Milton Keynes man, 62, jailed for '˜wicked and vile' sex abuse of young boy
A 62-year-old man has been jailed for 14 years for sexually abusing a young boy more than 20 years ago.
David Butterworth, from Otterburn Crescent, Oakhill, Milton Keynes, started his “wicked and vile” offending 1991 when the victim was only five years old.
He continued to use the boy as a “sexual tool” until he reached the age of 15, Luton Crown court hear.
The victim, who was also punched and kicked by Butterworth, reported the offences to police when he was in his 30s after receiving counselling.
He said in his personal statement that the crimes had a lasting and lifetime impact on him.
Butterworth pleaded guilty to a number of sexual offences, including two counts of indecent assault and one count of indecency with a child.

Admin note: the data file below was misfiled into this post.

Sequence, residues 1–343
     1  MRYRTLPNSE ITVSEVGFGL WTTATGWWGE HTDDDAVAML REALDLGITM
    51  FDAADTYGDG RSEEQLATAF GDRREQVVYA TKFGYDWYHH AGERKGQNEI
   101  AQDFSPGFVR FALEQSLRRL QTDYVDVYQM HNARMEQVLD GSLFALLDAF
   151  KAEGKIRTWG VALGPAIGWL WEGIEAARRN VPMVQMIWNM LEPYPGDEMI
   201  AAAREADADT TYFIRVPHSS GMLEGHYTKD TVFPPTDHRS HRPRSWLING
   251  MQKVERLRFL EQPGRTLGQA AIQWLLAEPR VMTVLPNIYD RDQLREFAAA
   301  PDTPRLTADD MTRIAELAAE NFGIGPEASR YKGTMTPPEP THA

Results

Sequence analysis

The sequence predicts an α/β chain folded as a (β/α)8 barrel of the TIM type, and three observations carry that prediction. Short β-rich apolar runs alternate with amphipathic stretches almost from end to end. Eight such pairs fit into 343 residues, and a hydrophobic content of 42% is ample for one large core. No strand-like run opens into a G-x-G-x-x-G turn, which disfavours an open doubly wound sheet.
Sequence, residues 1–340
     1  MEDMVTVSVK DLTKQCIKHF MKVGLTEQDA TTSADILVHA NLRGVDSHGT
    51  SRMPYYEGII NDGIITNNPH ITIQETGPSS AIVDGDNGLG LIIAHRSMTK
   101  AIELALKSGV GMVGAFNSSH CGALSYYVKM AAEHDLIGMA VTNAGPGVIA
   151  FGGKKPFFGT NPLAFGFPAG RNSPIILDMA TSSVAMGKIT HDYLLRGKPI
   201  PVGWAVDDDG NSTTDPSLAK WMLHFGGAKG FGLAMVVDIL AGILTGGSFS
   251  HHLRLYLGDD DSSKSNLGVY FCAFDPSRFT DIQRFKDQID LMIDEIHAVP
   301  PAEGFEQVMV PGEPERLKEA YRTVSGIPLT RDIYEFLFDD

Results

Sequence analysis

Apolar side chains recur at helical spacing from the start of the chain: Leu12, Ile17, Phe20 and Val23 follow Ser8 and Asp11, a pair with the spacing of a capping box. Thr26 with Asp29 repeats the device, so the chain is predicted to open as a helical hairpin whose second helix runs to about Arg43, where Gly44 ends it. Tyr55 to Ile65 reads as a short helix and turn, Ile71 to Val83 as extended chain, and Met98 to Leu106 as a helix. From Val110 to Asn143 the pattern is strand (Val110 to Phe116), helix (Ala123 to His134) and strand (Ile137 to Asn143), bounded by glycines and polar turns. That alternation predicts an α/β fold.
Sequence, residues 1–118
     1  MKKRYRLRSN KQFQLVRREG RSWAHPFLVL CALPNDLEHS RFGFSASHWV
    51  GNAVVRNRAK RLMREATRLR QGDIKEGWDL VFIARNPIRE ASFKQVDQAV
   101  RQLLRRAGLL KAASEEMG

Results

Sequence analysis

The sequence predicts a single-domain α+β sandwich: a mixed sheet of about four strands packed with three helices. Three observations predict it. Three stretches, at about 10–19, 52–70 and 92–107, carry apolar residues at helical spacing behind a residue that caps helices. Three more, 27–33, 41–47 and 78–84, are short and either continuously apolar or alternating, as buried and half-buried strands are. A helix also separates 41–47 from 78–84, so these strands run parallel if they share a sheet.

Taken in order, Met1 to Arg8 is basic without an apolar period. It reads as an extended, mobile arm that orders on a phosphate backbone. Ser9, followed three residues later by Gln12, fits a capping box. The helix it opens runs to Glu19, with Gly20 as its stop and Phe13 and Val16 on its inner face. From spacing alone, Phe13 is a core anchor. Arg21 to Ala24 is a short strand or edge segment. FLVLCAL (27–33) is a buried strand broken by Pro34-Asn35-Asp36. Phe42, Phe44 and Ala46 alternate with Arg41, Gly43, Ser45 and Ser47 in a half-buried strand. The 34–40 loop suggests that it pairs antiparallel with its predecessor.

The court heard he was a victim of abuse himself at an early age and he “exudes guilt and self loathing.”
After the case, Detective Constable Rani Bailey from Bedfordshire Police’s Child and Vulnerable Adults Abuse unit praised the victim’s bravery.
He said: “I am pleased with the sentence that was handed to Butterworth, as he took advantage of his victim’s young age and abused him in the worst way possible.
“Child abuse is one of the most heinous crimes and it won’t be tolerated.
The detective constable added: “This is a good example of how it is never too late to report sexual abuse, no matter how long ago it took place.
“I hope that this case shows to others that if you come forward, your voice will be heard and justice will be done.”
An NSPCC spokesman said: ““Butterworth is a predator who selfishly robbed a young boy of his childhood, but his sickening crimes have finally caught up with him thanks to the bravery of his victim in speaking out.
“It is vital that children are able to recognise the signs of abuse, and that they know where to turn for help. We want survivors of abuse to know they can come forward in the knowledge they will be listened to.”
Adult victims of child sexual abuse can call the NSPCC Helpline on 0808 800 5000, while Childline is there for young people on 0800 1111 or by visiting www.childline.org.uk.